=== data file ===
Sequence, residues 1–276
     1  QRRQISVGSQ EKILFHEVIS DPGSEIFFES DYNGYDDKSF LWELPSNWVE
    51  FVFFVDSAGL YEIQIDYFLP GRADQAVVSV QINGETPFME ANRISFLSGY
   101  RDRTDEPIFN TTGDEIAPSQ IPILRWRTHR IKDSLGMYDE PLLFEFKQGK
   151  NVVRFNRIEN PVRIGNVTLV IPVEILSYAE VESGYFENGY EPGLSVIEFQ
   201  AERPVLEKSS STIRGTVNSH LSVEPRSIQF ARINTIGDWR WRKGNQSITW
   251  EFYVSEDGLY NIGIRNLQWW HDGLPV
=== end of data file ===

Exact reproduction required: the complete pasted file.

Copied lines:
Sequence, residues 1–276
     1  QRRQISVGSQ EKILFHEVIS DPGSEIFFES DYNGYDDKSF LWELPSNWVE
    51  FVFFVDSAGL YEIQIDYFLP GRADQAVVSV QINGETPFME ANRISFLSGY
   101  RDRTDEPIFN TTGDEIAPSQ IPILRWRTHR IKDSLGMYDE PLLFEFKQGK
   151  NVVRFNRIEN PVRIGNVTLV IPVEILSYAE VESGYFENGY EPGLSVIEFQ
   201  AERPVLEKSS STIRGTVNSH LSVEPRSIQF ARINTIGDWR WRKGNQSITW
   251  EFYVSEDGLY NIGIRNLQWW HDGLPV